Wed, Dec 24, 2014 - Page 3 News List

Lawmaker urges action on organ donor law changes

By Stacy Hsu  /  Staff reporter

Democratic Progressive Party Legislator Tien Chiu-chin, second right, speaks at a news conference at the Legislative Yuan in Taipei yesterday, calling for cross-party negotiations on a draft amendment to the Human Organ Transplantation Act.

Photo: Liu Hsin- De, Taipei Times

Democratic Progressive Party Legislator Tien Chiu-chin (田秋堇) yesterday urged the Chinese Nationalist Party (KMT) caucus to cease stalling cross-party negotiations for a draft amendment she proposed in April to the Human Organ Transplantation Act (人體器官移植條例), a move she said could offer a solution to the nation’s insufficient supply of donated organs.

Tien made the call at a press conference in Taipei yesterday morning, one day after she attended a news conference held by medical and human right groups urging the government to reject former Chinese deputy minister of health Huang Jiefu’s (黃潔夫) proposal for the establishment of a mechanism to facilitate organ donations from China to Taiwan.

“The draft amendment passed its initial legislative committee review in May, but as of today, no cross-party negotiation session on the matter has been convened,” Tien said. “More than 8,000 people in the country are in desperate need of an organ while the KMT caucus procrastinates.”

Tien’s draft amendment includes several major changes to the country’s organ donation and transplantation system, including offering a legal basis to the process for retrieving organs from donors with no heartbeat and requesting relevant government agencies to inquire over people’s willingness to donate organs when they apply or renew ID cards, driver’s licenses or National Health Insurance cards.

It would permit people to donate kidneys — the organ that is most in demand in the country — to someone they are emotionally related to, even if the recipient is not a third-degree blood relative, as required by the current regulations.

Another major change is the criminalization of organ sales and the knowing receipt of organs of unknown origin.

Tien said KMT Lawmaker Hsu Shao-ping (徐少萍) is the only person who can call a cross-party negotiation, as she was the one who put the draft amendment on the agenda for committee review.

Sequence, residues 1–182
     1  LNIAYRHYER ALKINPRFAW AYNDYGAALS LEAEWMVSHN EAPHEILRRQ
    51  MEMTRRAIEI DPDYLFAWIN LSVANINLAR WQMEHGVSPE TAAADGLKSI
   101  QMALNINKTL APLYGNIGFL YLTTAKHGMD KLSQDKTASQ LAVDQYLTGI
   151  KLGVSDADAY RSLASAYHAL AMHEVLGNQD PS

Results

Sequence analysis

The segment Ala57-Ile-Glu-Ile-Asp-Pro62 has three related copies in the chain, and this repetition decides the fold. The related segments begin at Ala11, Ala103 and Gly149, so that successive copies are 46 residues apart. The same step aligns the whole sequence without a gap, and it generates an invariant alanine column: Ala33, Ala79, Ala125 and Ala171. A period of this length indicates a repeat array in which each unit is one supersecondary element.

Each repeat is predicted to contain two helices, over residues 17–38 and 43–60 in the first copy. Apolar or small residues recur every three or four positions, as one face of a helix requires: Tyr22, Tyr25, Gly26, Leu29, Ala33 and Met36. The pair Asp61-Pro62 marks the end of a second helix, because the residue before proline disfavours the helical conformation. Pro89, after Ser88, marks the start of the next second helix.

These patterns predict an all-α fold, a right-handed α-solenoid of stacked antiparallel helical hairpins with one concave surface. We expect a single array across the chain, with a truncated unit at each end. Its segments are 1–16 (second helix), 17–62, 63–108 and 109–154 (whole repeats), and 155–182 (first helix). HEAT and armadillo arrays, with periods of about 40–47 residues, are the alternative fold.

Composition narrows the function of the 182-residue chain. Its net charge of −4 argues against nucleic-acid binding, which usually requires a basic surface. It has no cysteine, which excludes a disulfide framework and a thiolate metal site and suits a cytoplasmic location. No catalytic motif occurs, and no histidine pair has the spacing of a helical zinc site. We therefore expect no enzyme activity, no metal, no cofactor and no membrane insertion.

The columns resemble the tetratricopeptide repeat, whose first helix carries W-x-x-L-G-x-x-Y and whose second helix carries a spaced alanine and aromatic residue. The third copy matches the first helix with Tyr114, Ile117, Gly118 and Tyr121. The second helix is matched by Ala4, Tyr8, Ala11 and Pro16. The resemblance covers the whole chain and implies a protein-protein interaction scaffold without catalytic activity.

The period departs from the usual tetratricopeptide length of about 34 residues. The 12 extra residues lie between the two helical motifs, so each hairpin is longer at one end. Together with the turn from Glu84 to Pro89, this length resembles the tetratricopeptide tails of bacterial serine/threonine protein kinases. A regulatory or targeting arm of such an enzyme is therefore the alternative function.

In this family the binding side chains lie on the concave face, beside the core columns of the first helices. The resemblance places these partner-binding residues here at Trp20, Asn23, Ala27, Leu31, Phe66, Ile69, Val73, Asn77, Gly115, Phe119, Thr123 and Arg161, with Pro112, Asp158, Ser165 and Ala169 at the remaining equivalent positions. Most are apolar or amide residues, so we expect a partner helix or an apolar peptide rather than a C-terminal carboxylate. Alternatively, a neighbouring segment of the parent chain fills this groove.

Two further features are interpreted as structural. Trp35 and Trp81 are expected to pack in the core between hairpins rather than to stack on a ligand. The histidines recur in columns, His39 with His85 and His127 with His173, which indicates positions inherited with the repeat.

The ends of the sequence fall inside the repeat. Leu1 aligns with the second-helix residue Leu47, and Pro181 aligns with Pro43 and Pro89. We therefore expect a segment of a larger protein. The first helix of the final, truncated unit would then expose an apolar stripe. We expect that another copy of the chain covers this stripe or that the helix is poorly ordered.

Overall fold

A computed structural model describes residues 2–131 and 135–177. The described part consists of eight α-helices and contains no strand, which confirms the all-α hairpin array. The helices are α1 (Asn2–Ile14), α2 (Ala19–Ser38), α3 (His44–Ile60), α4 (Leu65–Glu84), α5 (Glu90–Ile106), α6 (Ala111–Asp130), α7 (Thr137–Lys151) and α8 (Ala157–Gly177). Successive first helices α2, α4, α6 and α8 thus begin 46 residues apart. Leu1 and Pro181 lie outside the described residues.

However, the KMT caucus cited campaign work for the Nov. 29 nine-in-one elections as the reason the matter was put off and canceled the only negotiation session it had arranged in the past seven months just five days before its scheduled date on Wednesday last week, Tien said.

“Its handling of the issue makes me wonder if the government is trying to maintain the current outdated regulations to pave the way for Huang’s proposal,” she added.

Taiwan Association for International Care of Organ Transplants deputy director-general Huang Shi-wei (黃士維) said the price for a kidney transplant in China has surged from NT$1 million (US$32,900) a decade ago to NT$4 million today, while the cost of a liver transplant has risen from NT$2 million to nearly NT$8 million over the same period.

“The dramatic price hikes suggest that organ donation and transplant is not a medical practice in China, but an exploitative business,” Huang Shi-wei said, urging the legislature to immediately pass the amendment to prevent more Taiwanese from receiving potentially immorally harvested organs in China.

Ministry of Health and Welfare’s Department of Medical Affairs senior executive officer Liu Yu-ching (劉玉菁) said that while there are about 200 organ donors per year in Taiwan, the ministry’s new policy, which gives people priority on the transplant waiting list if their spouse or a third-degree relative was an organ or tissue donor, is expected to help boost organ donations.

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